Senate approves more troopers

John Mccarthy and John Mccarthy

COLUMBUS, Ohio — The state Senate found a way to hire 50 more State Highway Patrol troopers to help cut overtime costs and provide more protection while Ohio is under a heightened security status, backers of the plan said yesterday.

The Senate authorized transferring $10 million from a program to beautify Ohio’s highway rest areas to the patrol as part of the two-year transportation budget the Senate approved yesterday.

The patrol will be able to start hiring the troopers after July 1. The additional troopers would be stationed at the Statehouse and other government buildings and at truck scales along Ohio’s highways to inspect for dangerous cargo, patrol spokesman Lt. Rick Fambro said.

Since the state’s five-level alert system was adopted after the terrorist attacks of Sept. 11, 2001, the patrol has increased staffing at state buildings. While the state is under an “orange alert” — its second-highest ranking indicating an elevated risk of terrorist activity — the patrol is spending about $34,000 a day. That cost includes the patrol’s regular operating expenses plus overtime and keeping highway truck scales open around the clock. During a 20-day orange alert in February, the patrol spent $680,000, Fambro said.

Senate Republicans felt the patrol could use the extra troopers, said Sen. Jeffry Armbruster, the chairman of the Highways ‘ Transportation Committee. The patrol now has about 1,400 officers.

Since the patrol might not be able to fill all 50 positions right away, the bill allows some leeway for spending the money as new troopers can be recruited, Armbruster said.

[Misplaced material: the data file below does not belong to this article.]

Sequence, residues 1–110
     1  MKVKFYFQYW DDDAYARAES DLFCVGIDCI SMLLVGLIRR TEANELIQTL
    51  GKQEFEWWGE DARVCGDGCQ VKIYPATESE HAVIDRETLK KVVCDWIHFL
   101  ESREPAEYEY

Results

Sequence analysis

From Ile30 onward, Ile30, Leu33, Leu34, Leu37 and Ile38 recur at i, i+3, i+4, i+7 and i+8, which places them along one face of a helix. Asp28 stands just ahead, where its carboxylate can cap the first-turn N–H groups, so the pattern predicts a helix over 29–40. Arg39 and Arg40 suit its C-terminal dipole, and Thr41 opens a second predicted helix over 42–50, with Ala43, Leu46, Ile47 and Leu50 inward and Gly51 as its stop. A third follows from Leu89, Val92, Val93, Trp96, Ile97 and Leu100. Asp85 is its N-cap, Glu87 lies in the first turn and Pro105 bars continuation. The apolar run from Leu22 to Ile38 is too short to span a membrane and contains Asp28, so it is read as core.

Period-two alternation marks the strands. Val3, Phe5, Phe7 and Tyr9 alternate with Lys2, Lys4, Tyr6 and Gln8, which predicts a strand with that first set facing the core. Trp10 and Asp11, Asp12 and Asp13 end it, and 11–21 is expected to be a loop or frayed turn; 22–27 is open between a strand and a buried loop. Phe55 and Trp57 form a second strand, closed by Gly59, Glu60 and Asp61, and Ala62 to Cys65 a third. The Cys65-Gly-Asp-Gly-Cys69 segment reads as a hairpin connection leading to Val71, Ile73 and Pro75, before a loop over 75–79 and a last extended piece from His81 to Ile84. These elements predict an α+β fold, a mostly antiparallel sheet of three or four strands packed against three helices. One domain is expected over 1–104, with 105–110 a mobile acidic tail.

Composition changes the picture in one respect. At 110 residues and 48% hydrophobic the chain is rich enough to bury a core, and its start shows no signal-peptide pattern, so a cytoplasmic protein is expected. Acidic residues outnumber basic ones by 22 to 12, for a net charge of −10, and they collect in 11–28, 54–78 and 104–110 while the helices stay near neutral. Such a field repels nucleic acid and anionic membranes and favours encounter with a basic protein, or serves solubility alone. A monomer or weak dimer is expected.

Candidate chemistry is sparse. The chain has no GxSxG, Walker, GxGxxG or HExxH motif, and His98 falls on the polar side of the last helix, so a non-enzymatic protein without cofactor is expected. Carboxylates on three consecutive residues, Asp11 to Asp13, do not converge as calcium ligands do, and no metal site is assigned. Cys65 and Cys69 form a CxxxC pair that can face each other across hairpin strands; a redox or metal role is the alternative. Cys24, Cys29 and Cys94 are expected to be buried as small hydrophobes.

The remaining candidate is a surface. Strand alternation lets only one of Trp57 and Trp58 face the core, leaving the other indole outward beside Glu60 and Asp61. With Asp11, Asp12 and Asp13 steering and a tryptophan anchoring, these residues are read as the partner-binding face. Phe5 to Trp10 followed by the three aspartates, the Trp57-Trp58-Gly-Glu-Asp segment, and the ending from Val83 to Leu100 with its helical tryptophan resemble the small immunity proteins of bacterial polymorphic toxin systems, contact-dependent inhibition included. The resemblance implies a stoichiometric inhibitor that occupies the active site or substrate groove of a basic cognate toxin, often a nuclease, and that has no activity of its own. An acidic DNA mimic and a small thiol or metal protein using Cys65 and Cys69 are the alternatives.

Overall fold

That leeway is necessary because the bill requires that the patrol’s budget eventually be funded by fees collected for vehicle registrations and driver’s licenses, instead of being drawn from the gas tax, as it is now, he said.

The gas tax is a more reliable source of funding than registration and license fees will be, and the patrol will have to track its spending more carefully, said Armbruster, a North Ridgeville Republican.

“They are going to have to look at their budget because they don’t have the flexibility that they used to,” he said.

Fambro said the plan will make the patrol better prepared and more vigilant during elevated alerts, especially at truck scales. “We’re looking and we’re trying to do our best to intercept anything that could be used in a biological- or chemical-related attack,” Fambro said.

House Speaker Larry Householder said while the new troopers are important, he wonders whether the patrol is taking on too many duties it hasn’t performed in the past. “There are concerns. They are not a state police. They are a highway patrol,” said Householder, a Glenford Republican. “I think it’s worth having discussions about what their role should be.”